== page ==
The Federal Trade Commission will require Northrop Grumman to supply solid rocket motors, or SRMs, to competitors on a non-discriminatory basis as part of a settlement resolving charges that Northrop’s $7.8 billion acquisition of aerospace and defense contractor Orbital ATK likely would be anticompetitive. The proposed settlement requires Northrop to separate the operation of its SRM business from the rest of the company’s operations with a firewall. It also provides for the Department of Defense to appoint a compliance officer to oversee Northrop’s conduct pursuant to the settlement.
The products at issue
Northrop is one of four companies capable of supplying the U.S. government with missile systems, including tactical missiles, strategic missiles and missile defense interceptors according to the complaint. Orbital ATK is the premier supplier of SRMs, which propel missiles to their intended targets and are an essential input for missile systems.
What this means for consumers
The FTC’s complaint alleges that Northrop’s proposed acquisition of Orbital ATK would have reduced competition in the market for missile systems purchased by the U.S. government, resulting in less innovation and higher prices for taxpayers. By ensuring that other missile suppliers can continue to compete, the settlement preserves the procompetitive benefits of the transaction while addressing the potential anticompetitive harms.
The competition concerns and economic implications
According to the complaint, the acquisition would provide Northrop with the incentive and ability to harm competition for missile contracts by either withholding access to its solid rocket motors or increasing SRM prices to competitors. As a result, competitors would be forced to raise the prices of their missile systems, invest less aggressively to win missile programs, or decide not to compete at all, which, in turn, would decrease competitive pressure on Northrop. The FTC alleged that the acquisition would have violated federal law by reducing competition in the market for these missile systems.
New competitors are unlikely to enter the market soon enough or with sufficient magnitude to deter the anticompetitive effects of the acquisition, because missile systems and SRMs are high technology, defense-specific products that require specialized expertise and facilities to develop, test and manufacture, the complaint states. It would be extremely difficult and costly for a new entrant to establish the technological expertise and specialized facilities necessary to compete successfully in either of these markets.
The complaint also alleges that Northrop’s acquisition of Orbital ATK’s SRM business would give Northrop access to the proprietary information that missile contract competitors share with their SRM vendor. In addition, the acquisition creates a risk that the proprietary, competitively sensitive information of a rival SRM supplier supporting Northrop’s missile system business could be shared with Northrop’s vertically integrated SRM business.
The settlement preserving competition
As explained in the FTC analysis to aid public comment, under the proposed consent agreement:
- Northrop must make its solid rocket motors and related services available on a non-discriminatory basis to all competitors for missile contracts. The non-discrimination prohibitions of the settlement are comprehensive and apply to any potential discriminatory conduct affecting price, schedule, quality, data, personnel, investment, technology, innovation, design or risk.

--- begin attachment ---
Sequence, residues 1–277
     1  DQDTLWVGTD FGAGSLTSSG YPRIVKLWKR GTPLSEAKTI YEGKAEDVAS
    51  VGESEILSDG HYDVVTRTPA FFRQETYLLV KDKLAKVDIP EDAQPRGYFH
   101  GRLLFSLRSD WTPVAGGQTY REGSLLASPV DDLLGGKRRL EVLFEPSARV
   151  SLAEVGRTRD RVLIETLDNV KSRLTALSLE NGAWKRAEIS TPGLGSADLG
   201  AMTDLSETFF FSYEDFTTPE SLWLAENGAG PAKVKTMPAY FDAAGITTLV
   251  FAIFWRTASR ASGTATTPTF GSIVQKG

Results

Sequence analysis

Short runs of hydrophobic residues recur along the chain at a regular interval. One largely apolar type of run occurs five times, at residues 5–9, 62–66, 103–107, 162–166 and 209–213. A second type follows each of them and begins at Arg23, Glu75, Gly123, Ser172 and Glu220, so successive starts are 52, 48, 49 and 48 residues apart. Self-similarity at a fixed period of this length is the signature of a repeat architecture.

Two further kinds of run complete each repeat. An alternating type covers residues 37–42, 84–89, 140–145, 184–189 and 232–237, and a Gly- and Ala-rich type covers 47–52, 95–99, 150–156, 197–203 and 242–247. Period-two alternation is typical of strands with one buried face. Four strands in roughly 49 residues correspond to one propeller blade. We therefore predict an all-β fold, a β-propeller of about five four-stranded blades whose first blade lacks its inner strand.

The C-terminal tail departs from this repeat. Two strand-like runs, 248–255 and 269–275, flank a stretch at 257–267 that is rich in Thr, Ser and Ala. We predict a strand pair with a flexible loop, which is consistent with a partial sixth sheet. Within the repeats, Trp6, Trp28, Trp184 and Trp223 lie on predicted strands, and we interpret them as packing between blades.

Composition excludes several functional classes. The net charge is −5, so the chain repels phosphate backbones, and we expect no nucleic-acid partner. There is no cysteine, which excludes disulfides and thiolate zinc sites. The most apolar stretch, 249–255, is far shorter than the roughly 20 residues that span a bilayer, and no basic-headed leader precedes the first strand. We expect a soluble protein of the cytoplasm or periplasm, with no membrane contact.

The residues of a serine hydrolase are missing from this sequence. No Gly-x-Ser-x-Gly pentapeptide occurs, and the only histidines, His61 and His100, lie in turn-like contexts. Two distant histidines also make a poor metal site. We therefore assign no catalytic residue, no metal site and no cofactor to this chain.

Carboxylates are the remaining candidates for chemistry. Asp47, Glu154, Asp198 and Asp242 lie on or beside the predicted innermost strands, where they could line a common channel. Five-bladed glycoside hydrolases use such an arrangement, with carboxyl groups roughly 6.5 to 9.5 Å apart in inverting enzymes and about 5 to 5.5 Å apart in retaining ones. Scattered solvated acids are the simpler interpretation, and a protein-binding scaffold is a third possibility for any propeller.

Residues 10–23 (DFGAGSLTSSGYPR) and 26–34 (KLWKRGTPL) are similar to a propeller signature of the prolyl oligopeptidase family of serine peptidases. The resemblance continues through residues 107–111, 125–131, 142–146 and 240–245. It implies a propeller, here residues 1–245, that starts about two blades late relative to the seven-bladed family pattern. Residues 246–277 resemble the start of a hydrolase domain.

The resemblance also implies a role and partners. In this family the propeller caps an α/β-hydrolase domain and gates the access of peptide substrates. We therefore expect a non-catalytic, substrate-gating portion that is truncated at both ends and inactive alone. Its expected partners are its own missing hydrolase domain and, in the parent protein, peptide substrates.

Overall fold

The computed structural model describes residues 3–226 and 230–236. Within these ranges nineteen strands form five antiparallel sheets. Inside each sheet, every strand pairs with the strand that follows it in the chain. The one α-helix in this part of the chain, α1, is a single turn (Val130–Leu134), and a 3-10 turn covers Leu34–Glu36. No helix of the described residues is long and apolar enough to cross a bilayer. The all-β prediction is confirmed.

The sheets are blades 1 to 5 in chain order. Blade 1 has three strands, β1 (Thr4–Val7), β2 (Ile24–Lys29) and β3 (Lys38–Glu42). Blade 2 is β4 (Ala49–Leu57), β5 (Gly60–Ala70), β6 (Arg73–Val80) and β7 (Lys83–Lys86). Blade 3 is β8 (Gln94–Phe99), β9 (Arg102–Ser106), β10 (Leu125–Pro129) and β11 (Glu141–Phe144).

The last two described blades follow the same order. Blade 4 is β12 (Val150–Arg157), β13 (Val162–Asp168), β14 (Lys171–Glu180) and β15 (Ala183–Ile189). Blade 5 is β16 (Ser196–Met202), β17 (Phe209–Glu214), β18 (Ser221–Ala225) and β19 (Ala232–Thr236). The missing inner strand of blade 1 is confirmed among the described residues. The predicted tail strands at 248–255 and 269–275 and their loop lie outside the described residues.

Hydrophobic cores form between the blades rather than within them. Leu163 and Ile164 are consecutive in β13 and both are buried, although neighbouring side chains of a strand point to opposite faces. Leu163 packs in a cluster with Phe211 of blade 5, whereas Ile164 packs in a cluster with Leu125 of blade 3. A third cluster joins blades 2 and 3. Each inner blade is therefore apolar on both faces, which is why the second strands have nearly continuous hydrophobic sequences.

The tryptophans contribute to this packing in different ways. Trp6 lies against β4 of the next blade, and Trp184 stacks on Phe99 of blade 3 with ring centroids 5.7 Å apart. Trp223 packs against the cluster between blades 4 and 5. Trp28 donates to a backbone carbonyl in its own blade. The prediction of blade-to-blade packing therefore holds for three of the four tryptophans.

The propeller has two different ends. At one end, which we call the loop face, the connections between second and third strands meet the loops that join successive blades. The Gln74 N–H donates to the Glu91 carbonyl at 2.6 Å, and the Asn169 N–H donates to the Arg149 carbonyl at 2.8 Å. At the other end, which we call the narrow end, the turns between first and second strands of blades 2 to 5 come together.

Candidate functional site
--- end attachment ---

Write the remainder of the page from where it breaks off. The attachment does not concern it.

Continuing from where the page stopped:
- Northrop must establish firewalls to keep it from transferring or using any proprietary information that it receives from competing missile prime contractors or SRM suppliers in a manner that harms competition.
- The DOD’s Under Secretary of Defense for Acquisition and Sustainment will appoint a compliance officer to oversee Northrop’s compliance with the order. The compliance officer will have all the necessary investigative powers, including the right to interview Northrop’s personnel, inspect the company’s facilities, and require it to provide documents, data, and other information. The compliance officer is also authorized to retain third-party advisors, at Northrop’s expense.
While the Bureau of Competition typically disfavors behavioral remedies, given the special characteristics of the defense industry, we accepted such a remedy here. Specifically, the defense industry has a single buyer, DOD, with distinct procurement processes. In addition, the DOD requires sophisticated products, such as SRMs, that are a part of complex systems subject to winner-take-all competition for programs that can last decades. The Bureau of Competition has issued a statement accompanying the decision that explains in more detail the context for the remedy and how it will preserve the procompetitive benefits of the transaction while also addressing the potential anticompetitive harms.
The Commission vote to issue the complaint and accept the proposed consent order for public comment was 5-0. The FTC will publish the consent package in the Federal Register shortly. The agreement will be subject to public comment for 30 days, beginning today and continuing through July 5, 2018, after which the Commission will decide whether to modify or withdraw the proposed consent order. Comments can be filed electronically or in paper form by following the instructions in the “Supplementary Information” section of the Federal Register notice.
NOTE: The Commission issues an administrative complaint when it has “reason to believe” that the law has been or is being violated, and it appears to the Commission that a proceeding is in the public interest. When the Commission issues a consent order on a final basis, it carries the force of law with respect to future actions. Each violation of such an order may result in a civil penalty of up to $41,484.
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